The costs of recent data breaches have been staggering. In Target’s case, 40 million credit and debit card accounts were hacked, and the personal information of 70 million people was stolen. The cost to Target: $17 million in net expenses and a 46% decline in profits in the fourth quarter that ended February 1, 2014. In the case of Neiman Marcus, 1.1 million cards were compromised. The cost to Neiman Marcus: $4.1 million to date.
To appreciate the potential and likely effects of these breaches on you, look at what various stakeholders, including the National Retail Federation, have been saying and doing. Loudly and clearly, they are advocating for the replacement of existing magnetic strips on credit cards with chip-and-PIN technology. After all, it’s what the rest of the world has been doing for years.
Would this new technology have prevented the Target and Neiman Marcus breaches? No. But it would have made it more difficult for thieves to use the stolen data afterwards. This is because chip cards, unlike magnetic strip cards, generate a different encrypted mathematical value every time they are used, making it harder for criminals to clone or counterfeit any stolen data. Plus, the requirement of a PIN at the point of sale provides a second layer of protection against unauthorized use.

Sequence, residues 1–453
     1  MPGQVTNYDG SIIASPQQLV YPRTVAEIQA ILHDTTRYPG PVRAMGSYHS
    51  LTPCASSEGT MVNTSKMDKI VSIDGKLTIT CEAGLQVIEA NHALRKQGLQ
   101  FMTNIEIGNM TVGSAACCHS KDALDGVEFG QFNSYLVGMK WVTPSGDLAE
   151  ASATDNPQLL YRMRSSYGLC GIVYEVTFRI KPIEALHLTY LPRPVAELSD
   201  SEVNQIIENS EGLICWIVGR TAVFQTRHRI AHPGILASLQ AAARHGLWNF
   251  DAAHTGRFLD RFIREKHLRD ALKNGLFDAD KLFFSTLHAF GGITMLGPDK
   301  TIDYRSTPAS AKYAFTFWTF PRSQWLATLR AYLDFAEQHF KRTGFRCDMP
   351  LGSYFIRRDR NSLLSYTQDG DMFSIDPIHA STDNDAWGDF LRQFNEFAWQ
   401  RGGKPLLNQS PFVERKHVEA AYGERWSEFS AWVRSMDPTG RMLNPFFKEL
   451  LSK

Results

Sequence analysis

So why hasn’t this chip-and-PIN technology been universally adopted here in the US? The primary reason is cost. With system-wide implementation estimated at $15-30 billion, it is no wonder that banks and retailers have historically waited for the other to act first. Retailers don’t want to spend the time and money buying and installing new terminals to read the chips unless the banks are issuing chip cards in significant numbers. And banks don’t want to issue the cards until retailers have terminals that can read the cards. It is a classic chicken-and-egg problem.
But the magnitude and highly publicized costs of recent data breaches may finally be enough to overcome this long-standing obstacle. The major card networks seem to be taking the lead and providing the much-needed incentive for both retailers and banks to act simultaneously. Under the new policies, liability for fraud would be placed on the party that prevents a chip transaction from taking place. For example, if a retailer has a chip reader and the card has only a magnetic strip, the bank would be liable for any resulting point-of-sale fraud. Conversely, if a chip card is presented to a retailer that has no chip reader (and the transaction has to go through using non-chip technology), the retailer would be liable. If this liability shift weren’t enough incentive for retailers, Visa has also promised to waive PCI DSS compliance validation requirements if retailers upgrade their terminals to read chip cards. Visa says these policy changes will take place by October 2015, giving retailers and banks a little under two years to get their affairs in order.
Not surprisingly, Target has been one of the first retailers to announce that it is jumping on board. It has already promised to invest $100 million in chip technology by early 2015. Other retailers would be wise to start doing the same. Otherwise, they could find themselves absorbing most, if not all, of the costs of point-of-sale card fraud in the near future.